0

Sex, Brexit, posh boys…oh, and some housebuilding. Possibly

_98830822_hammond_housing_quote

In today’s budget Philip Hammond, the Chancellor of the Exchequer, has an opportunity to do something great for Britain.

Forget the minor sex squabbles, the Tory party in-fighting and the boring Brexit bumbling – here’s a chance to make a real difference to millions of peoples’ lives all over the UK.

By pledging real cash to address one of the most serious social issues of our time, Hammond can go down in history as a chancellor who did make a difference.

If he backs up his vow to build 300,000 homes a year, as Tim Shipman, political editor of the Sunday Times, reported this weekend, and provides the funds to do it then the dream of home ownership for the many could begin to turn back the rental tide washing over our towns and cities engulfing our young population.

In shots aimed at volume housebuilders, banks and land-bankers, Hammond pledged: “There will be some strategic measures that look 20, 30 years into the future to secure a . . . supply of future housing and there will be shorter-term intervention measures which use money, powers and planning to intervene to get things done and make a difference over the next few years.

“We will not be afraid to intervene to do whatever it takes to close the gap. If it’s infrastructure that’s needed to unlock housing, we’ll build the infrastructure. If it’s financial viability that’s needed, we will intervene to remediate sites and make otherwise marginally non-viable sites viable.

“We’ve got to make sure our banks are willing to lend to small housebuilders and if necessary we will stand behind that lending.”

In Preston, we can see the nation’s housing problems in microcosm. Although city centre land, in particular, is relatively affordable, too much of it is in the ownership of people who have either unrealistic valuations or are simply content to leave buildings and land vacant and rotting into the future.

These people are taking the chancellor’s 20 to 30 year vision and wrapping it in cobwebs.

Even with sites, the cost of building good quality new homes is pretty much the same in Preston as it is in central Manchester or Alderley Edge – but the price difference you can sell the homes for is staggering.

Profit for the housebuilder and their financial backers matters and only the brave will test a market that seems to favour everyone other than those who take the plunge first.

The chancellor told the Sunday Times he will unveil billions of pounds of extra investment, plus new powers and planning rules to ensure construction firms start building on sites that already have planning permission.

Hammond said the government would stage an “intervention” because the market for developed land “is broken” and he vowed to do “whatever it takes” to get builders building and pledged that “the next generation will have the same opportunities as their parents to own a home.”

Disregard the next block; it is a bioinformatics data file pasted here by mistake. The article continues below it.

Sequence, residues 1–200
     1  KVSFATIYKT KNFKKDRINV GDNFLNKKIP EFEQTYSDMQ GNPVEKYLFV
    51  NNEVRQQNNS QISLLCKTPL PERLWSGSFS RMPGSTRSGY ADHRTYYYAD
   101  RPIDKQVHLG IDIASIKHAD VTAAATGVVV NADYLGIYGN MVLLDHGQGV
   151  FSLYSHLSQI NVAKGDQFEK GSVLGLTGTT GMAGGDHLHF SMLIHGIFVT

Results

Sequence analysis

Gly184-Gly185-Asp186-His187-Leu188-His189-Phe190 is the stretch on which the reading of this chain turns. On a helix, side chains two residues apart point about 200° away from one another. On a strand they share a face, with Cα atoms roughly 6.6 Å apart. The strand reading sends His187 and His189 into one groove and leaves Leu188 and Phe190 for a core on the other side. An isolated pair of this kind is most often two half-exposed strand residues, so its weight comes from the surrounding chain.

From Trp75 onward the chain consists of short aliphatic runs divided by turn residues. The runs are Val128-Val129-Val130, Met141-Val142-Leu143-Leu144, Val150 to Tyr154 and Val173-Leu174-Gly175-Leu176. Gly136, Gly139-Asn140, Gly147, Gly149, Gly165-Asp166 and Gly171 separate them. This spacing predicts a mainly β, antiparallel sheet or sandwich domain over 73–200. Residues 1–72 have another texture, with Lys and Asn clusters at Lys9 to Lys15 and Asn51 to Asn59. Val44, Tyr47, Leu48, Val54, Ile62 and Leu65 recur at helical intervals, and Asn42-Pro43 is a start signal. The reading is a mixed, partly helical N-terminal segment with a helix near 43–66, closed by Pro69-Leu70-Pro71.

The chancellor is set to:

  •  Launch an inquiry into “housebuilders land banking, speculators hoarding land and local authorities blocking development” to report next spring
  •  Build new roads to unlock new land for housing
  •  Pay to clean up polluted industrial sites for housebuilding
  •  Get town hall chiefs to allocate small pockets of land for development by small builders
  •  Guarantee loans by banks to small housebuilders

While 217,000 new homes were built last year, Hammond said: “I’m clear that we need to get to 300,000 units a year if we are going to start to tackle the affordability problem, with the additions coming in areas of high demand.”

Senior government sources say Hammond will find about £5bn for housing schemes and underwrite loans worth tens of billions more.

As we approach the end of 2017, it is clearer than ever that Hammond’s ‘intervention’ is needed in cities like Preston with utmost urgency.

Councils have to be given the tools and the money to do this now – not in a year or five years’ time.

There are too few good quality city centre housing schemes – hardly any, in fact – being proposed in Preston and that’s a scandal.

Preston-based builders such as Eric Wright (whose chairman Jim Carter is also in charge of the Preston, South Ribble and Lancashire City Deal) are even setting up site offices in Ancoats in Manchester to run the housing schemes they are building there.

The green belt, especially to the north of the city and on the fringes of Longridge, is disappearing under the weight of thousands of new homes.

But, you’ll look in vain for a crane on the city centre skyline.

If tomorrow’s budget can do anything to divert headlines away from sex, Brexit and posh boys beating each other up, then Hammond will have done his country a service.

Share Button
Neil Thornton

Neil Thornton

Director at Thornton Media
Neil Thornton is an award-winning writer and journalist who is an expert in property, housing, architecture and design.

He has been at the forefront of the UK property scene for 15 years and has been published in major newspapers, magazines and influential websites around the world.
Neil Thornton

Leave a reply

     

You may use these HTML tags and attributes: <a href="" title=""> <abbr title=""> <acronym title=""> <b> <blockquote cite=""> <cite> <code> <del datetime=""> <em> <i> <q cite=""> <strike> <strong>